Giorgio Morandi - The Great Wonderful: 100 Years of Italian Art New York Tuesday, May 12, 2015 | Phillips

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  • Provenance

    Curt Valentin Gallery, New York
    Private Collection, Beverly Hills
    Galleria Il Gabbiano, Rome

  • Catalogue Essay

    Mario Merz’s first igloo, the Giap's Igloo in 1968, was decorated with a saying attributed to the North Vietnamese military strategist General Võ Nguyên Giáp, “If the enemy masses his forces, he loses ground; if he scatters, he loses strength.” For all of Giorgio Morandi’s Natura Morta paintings this principle could be applied to the manner in which the viewer experiences and reads the spatial dynamic within his canvases. While Morandi’s painting before War World II is quintessentially the expression of calm and tranquility, after the war and all through the 1950s his objects subtly reveal a growing anxiety and the psychological burden imposed by the memories of the war. The boxes and the bottles, as in this work, seem to seek safety and protection, gathering together at the center of the canvas. And yet, the long shadows reveal the growing intensity of the thought and the uneasiness of the spirit. The objects lose the airy ground that Morandi had painted generously earlier in his career, but they manifest and imbue strength to the composition, gifting the viewer with the maturity of the artist’s gaze.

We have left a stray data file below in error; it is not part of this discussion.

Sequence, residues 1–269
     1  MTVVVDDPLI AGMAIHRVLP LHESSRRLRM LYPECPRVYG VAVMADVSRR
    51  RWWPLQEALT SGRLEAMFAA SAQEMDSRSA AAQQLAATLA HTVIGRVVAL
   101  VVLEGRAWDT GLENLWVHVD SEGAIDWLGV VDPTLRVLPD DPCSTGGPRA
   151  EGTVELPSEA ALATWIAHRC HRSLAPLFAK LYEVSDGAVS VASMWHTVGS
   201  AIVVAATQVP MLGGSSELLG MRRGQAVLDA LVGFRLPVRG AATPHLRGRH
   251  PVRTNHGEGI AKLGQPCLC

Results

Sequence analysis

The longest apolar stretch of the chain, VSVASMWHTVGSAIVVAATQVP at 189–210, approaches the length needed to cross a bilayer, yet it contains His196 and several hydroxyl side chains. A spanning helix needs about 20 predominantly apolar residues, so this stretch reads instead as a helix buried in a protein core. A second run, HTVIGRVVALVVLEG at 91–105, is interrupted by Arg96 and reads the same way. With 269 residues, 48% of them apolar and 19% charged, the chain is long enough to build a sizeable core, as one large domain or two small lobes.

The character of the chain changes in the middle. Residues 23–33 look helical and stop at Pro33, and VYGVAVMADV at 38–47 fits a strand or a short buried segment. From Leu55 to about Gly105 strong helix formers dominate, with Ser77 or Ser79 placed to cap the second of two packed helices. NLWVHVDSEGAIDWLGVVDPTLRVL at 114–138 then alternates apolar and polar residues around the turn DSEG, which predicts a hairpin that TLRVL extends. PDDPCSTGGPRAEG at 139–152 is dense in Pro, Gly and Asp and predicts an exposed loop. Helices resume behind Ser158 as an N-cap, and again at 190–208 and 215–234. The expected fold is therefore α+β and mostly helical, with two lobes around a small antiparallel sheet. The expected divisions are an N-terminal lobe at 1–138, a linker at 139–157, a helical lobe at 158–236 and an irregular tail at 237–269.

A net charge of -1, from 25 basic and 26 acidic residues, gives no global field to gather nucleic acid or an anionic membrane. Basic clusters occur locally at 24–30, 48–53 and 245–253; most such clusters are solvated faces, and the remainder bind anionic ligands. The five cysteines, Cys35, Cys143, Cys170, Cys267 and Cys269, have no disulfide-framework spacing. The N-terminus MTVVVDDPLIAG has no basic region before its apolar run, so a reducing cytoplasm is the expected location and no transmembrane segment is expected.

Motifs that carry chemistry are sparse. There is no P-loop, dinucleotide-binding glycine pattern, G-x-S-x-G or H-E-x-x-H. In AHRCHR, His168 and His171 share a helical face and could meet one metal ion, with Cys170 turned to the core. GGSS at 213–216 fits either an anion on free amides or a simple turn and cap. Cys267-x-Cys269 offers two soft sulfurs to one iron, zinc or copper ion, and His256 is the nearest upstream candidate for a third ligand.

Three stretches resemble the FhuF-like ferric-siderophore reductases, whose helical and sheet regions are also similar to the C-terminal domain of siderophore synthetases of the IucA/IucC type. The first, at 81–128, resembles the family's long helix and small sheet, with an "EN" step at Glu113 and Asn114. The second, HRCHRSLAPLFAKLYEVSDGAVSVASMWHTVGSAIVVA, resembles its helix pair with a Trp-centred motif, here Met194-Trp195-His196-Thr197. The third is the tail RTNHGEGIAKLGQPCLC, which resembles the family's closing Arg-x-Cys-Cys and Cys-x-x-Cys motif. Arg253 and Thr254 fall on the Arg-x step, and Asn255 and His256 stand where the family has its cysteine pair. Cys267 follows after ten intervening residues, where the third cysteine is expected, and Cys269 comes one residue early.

PROPERTY FROM THE COLLECTION OF CEIL AND MICHAEL PULITZER, SANTA BARBARA

12

Natura Morta

1953
oil on canvas
11 3/4 x 17 1/4 in. (29.8 x 43.8 cm)
Signed "Morandi" at lower right.
This work is accompanied by a certificate of authenticity issued by the Comitato per il Catalogo Giorgio Morandi, February 15, 2001.

Estimate
$1,000,000 - 1,500,000 

Sold for $965,000

Contact Specialist
Brittany Lopez Slater
Head of International Exhibitions
New York
+1 212 940 1299

Carolina Lanfranchi
Specialist
Milan
+39 338 924 1720

The Great Wonderful: 100 Years of Italian Art

New York 13 May 2015 4pm